Pollution and the pandemic

Last week, life in the UK started to get back to normal: pubs, shops and hairdressers reopened after our third national lockdown. The end seems to be in sight – but it doesn’t mean we can just go back to life as usual.

April 22 marks Earth Day, which has become synonymous with climate change. This year’s theme is ‘Restore Our Earth’, which focuses not only on the need to reduce our impact on the planet as we recover from the effects of Covid, but also how we can play a role in repairing the damage we’ve already done.

“Saving the planet isn’t available on Amazon Prime, it’s going to take longer than two days, but we’ve got to start somewhere.” — Staci West, Digital Content Producer and increasingly an environmental activist

Bryn Jones, manager of Rathbone Ethical Bond, first told us about the Anthropocene era in a podcast. It refers to the geological age during which humans became the dominant influence on our planet’s environment. “In a thousand years’ time someone will look at the earth’s sediment and rocks and be able to look back to today and say there was climate change, the CO2 parts per million were higher and there was radioactive waste,” he said.

Other evidence of our epoch they are likely to find is plastic.

Plastics and the pandemic

The plastic problem is so large it now has a whole month dedicated to it in Plastic Free July. Single-use plastics and plastic pollution was already an enormous threat, but the pandemic has only increased it.

The UN predicts that around 75% of the used masks, as well as other pandemic-related waste, will end up in landfills, or floating in the seas. In the UK alone, if every person used a single-use face mask a day for a year, it would create an additional 66,000 tonnes of contaminated waste and 57,000 tonnes of plastic packaging.^

The truth is, plastic is everywhere – it’s found in cars, phones, toys, clothes, medical devices and of course packaging. It’s cotton swabs, cigarette butts, takeaway containers, toothpaste, tampons. I would go as far as to argue it’s the most important material in our economy and because it’s in (almost) every product we use and consume, it ends up everywhere too: oceans, beaches, landfills, etc.

Despite our best efforts at reduce, reuse and recycle, there is simply no efficient way to dispose of plastics and, ultimately, they’ll enter our ecosystems as microplastics. We consume these microplastics through the water we drink and the shellfish we eat. According to a study from WWF International, we may be ingesting five grams of plastic a week, or the equivalent of eating a credit card!*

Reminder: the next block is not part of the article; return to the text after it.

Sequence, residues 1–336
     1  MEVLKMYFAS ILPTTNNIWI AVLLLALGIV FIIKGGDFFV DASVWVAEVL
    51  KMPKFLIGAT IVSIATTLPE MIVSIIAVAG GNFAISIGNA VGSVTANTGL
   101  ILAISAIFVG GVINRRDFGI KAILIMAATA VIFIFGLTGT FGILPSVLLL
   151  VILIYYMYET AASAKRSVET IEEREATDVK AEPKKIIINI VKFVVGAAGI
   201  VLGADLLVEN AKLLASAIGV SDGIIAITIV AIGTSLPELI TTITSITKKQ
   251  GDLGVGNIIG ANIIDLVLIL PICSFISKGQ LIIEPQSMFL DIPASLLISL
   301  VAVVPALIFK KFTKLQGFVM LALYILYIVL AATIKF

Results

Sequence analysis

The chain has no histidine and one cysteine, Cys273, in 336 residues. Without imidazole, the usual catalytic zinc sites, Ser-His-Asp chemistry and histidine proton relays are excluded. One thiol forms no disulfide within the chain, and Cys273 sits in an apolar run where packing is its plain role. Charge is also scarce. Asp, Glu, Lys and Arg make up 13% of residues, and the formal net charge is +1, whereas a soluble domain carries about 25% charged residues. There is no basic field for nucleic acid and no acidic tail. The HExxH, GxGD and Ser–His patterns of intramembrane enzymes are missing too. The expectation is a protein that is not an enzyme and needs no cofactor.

According to Roland Geyer, an industrial ecologist at the University of California, “recycling helps but usually just delays its inevitable disposal. Moreover, more new plastic is made every year than is recycled. Plastic production has grown 8 percent a year for decades, that outpaces any other manufactured material.”

Lockdown, fossil fuels and CO2

Burning fossil fuels caused an estimated 4.5 million premature deaths in 2018, including the deaths of 400,000 children under the age of 5.^^ It’s estimated air pollution costs the global economy $2.9 trillion annually – or $8 billion every day.^^

The pandemic itself may have temporarily limited some activities such as travel, which contribute to greenhouse gas emissions, but we still saw the long term effects of climate change last year with floods in the Philippines, wildfires in California and heatwaves in Southern Africa to name a few.

The fossil fuel sector is ripe for disruption as we start to manage its impact. Moving forward, the government has a choice about where to direct funds to the post-covid economy. The UK, Japan and European Union have all committed to the net zero carbon emissions by 2050. The UK has also banned the sale of new petrol cars by 2030.

How to deal with a situation so impossibly complex?

Just like the pandemic required joint global efforts, addressing the problem of climate change is not easy but it’s a problem that needs to be tackled head-on and no country or company, however determined, can do so on its own. Combating climate change is a group effort and the transition will require investment.

Thankfully, a number of Elite Rated funds are linked to this theme. VT Gravis UK Infrastructure, First Sentier Global Listed Infrastructure and M&G Global Listed Infrastructure all invest to varying degrees in green energy infrastructure.

The Ninety One Global Environment fund invests companies contributing to sustainable decarbonization, while the Pictet Global Environmental Opportunities fund has identified nine environmental challenges including but not limited to; climate change, ocean acidification, biodiversity and freshwater use.

John Bennett, manager of Janus Henderson European Focus said in his podcast at the start of the pandemic, “this is a Control-Alt-Delete recession” – a reset of the global economy. Now is the time to also reset our habits and lifestyles and restore our Earth before it is too late.

*Source: Reuters, 12 Jun 2019
^Source: World Economic Forum, 11 June 2020
^^Source: Global Citizen, 18 Feb 2020

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